First, $fibonacci(1) = 1$ and $fibonacci(0) = 0$ . $fibonacci(2) = fibonacci(1) + fibonacci(0)$ . So, $fibonacci(2) = 1 + 0 = 1$ . 

We have now determined that $fibonacci(2) = 1$ . $fibonacci(1) = 1$ like before. $fibonacci(3) = fibonacci(2) + fibonacci(1) = 1 + 1 = 2$ . 
Once you finish your calculations, you will end up with this:
So, $fibonacci(5) = 5$
.
This method is good for handling mathematical functions. On the ACSL contests, you'll most likely be using this method because ACSL recursion problems are pretty much always written at mathematical functions rather than actual programming.
Sample Problem 1 on the ACSL Wiki page is a good example:
$\begin{equation*}g(x) = \begin{cases}g(x3) + 1 &\text{if $x > 0$}\\3x &\text{if $x \leq 0$}\end{cases}\end{equation*}$
If we were to find the value of g(11)
, then we can write a series of equations.
$g(11) = g(113) + 1 = g(8) + 1$
$g(8) = g(83) + 1 = g(5) + 1$
$g(5) = g(53) + 1 = g(2) + 1$
$g(2) = g(23) + 1 = g(1) + 1$
$g(1) = 3 \bullet 1 = 3$
Now that we have reached the base condition, we can work back up the equations:
$g(11) = g(8) + 1 = 0 + 1 = 1$
$g(8) = g(5) + 1 = 1 + 1 = 0$
$g(5) = g(2) + 1 = 2 + 1 = 1$
$g(2) = g(1) + 1 = 3 + 1 = 2$
$g(1) = 3 \bullet 1 = 3$
So $g(11) = 1$
.
mystery(4)
.public static int mystery(int num) {
if(num <= 0) {
return num;
} else {
return mystery(num  1) + mystery(num  3);
}
}
For this problem, I used the tree method. See how I set up the tree and determined the values along the way:
So, our final answer is 5
.
f(6)
.$\begin{equation*}f(x) = \begin{cases}f(x15) &\text{if $x > 8$}\\f(f(x+7)f(x+11)) &\text{if $3 \leq x \leq 8$}\\4x^2 &\text{if $x < 3$}\end{cases}\end{equation*}$
For this question, we will write equations to get our answer.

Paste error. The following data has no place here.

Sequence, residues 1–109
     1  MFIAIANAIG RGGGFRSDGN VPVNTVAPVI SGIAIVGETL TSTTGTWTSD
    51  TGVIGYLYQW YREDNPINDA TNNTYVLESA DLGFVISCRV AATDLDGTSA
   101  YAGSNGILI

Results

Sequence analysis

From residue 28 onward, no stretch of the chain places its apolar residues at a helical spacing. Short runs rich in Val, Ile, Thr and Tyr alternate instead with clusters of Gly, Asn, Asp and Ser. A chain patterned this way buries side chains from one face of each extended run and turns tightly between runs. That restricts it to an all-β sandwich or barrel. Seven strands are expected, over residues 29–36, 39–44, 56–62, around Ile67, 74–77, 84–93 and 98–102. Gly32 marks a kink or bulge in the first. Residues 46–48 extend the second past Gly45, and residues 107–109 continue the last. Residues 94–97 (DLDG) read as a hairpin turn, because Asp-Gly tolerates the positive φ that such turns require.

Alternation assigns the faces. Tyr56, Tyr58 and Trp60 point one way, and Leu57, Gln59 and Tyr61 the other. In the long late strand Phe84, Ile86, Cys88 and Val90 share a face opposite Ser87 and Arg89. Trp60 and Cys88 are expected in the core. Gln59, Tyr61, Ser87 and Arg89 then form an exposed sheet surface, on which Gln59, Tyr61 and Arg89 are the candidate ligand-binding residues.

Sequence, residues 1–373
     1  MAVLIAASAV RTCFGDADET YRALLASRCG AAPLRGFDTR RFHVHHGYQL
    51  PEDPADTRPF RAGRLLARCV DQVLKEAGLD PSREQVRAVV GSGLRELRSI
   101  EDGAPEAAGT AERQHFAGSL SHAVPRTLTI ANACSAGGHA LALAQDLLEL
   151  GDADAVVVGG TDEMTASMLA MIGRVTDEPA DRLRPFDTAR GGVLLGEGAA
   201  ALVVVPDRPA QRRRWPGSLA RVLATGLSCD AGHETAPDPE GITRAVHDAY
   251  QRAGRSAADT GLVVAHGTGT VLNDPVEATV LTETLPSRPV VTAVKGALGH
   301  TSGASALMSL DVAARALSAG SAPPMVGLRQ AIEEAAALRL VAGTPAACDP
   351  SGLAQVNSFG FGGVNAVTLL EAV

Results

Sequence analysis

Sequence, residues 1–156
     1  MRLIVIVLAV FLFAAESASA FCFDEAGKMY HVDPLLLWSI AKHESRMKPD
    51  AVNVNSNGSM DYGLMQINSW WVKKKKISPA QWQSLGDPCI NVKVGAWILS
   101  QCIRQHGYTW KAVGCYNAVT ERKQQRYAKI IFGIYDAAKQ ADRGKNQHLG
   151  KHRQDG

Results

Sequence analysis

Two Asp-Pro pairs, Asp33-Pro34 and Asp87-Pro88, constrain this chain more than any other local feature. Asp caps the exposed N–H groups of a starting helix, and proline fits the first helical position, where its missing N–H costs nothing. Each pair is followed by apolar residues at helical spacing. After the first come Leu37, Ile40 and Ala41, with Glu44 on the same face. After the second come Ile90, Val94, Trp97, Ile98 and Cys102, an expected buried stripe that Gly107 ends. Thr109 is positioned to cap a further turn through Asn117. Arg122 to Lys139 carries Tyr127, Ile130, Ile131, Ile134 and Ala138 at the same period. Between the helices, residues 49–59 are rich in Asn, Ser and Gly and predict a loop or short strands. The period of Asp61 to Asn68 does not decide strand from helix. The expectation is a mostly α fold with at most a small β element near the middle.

$f(6) = f(f(13)f(17))$
$f(13) = f(2)$
$f(17) = f(2)$
$f(2) = 4 \bullet (2)^2 = 16$
$f(2) = 4 \bullet 2^2 = 16$
Hence, $f(13) = f(17) = 16$
.
$f(6) = f(16  16) = f(0)$
.
$f(0) = 4 * 0^2 = 0$
. So, our final answer is 0
.
f(17, 6)
with the following mathematical function.$\begin{equation*}f(x,y) = \begin{cases}f(xy, y1) + 2 &\text{if $x > y$}\\x + y &\text{if $x \leq y$}\end{cases}\end{equation*}$
We will also write equations to get our answer for this question.
$f(17, 6) = f(17  6, 6  1)+2 = f(11, 5) + 2$
$f(11, 5) = f(11  5, 5  1)+2 = f(6, 4) + 2$
$f(6, 4) = f(6  4, 4  1)+2 = f(2, 3) + 2$
$f(2, 3) = 2 + 3 = 5$
So, $f(6, 4) = 5 + 2 = 7$
, $f(11, 5) = 7 + 2 = 9$
, and $f(17, 6) = 9 + 2 = 11$
. So, our
answer is 11
.
(Note: This is from the ACSL Wiki.)
This problem gives you a glance at a pseudocode, nonmathematical or programmingrelated recursive algorithm.
Don't bother writing out a mathematical or programming function (unless you really want to). Instead, just follow the steps like you would if you were trying to build IKEA furniture or a LEGO set.
Step  Image  Explanation 

1  We first execute the algorithm on our original 16foot square. We skip Step 2 because the condition doesn't apply. We then execute Steps 34.  
2  We will now execute Step 5 from our algorithm pass above. Again, Step 2 would be skipped here. So, we split each of these squares into 4 and paint one of the small squares.  
3  We continue the recursive process. Step 2 does not apply, so we divide and paint.  
4  Again, we go through another recursive pass. Divide and paint. 
When we apply the function again to the 81 small, unpainted squares, these squares will have only have a side length of 1 foot. Thus, instead of dividing further, we just stop here.
So, the last step is finding the number of square feet painted. In Step 1, we had one 8 x 8 square. In Step 2, we had three 4 x 4 squares. In Step 3, we had nine 2 x 2 squares. In Step 4, we had twentyseven 1 x 1 squares.
So, we have $(1 * 8^2) + (3 * 4^2) +
(9 * 2^2) + (27 * 1^2)$
$= 64 + 48 + 36 + 27 = 175$
square feet.
Author: Kelly Hong, Raymond Zhao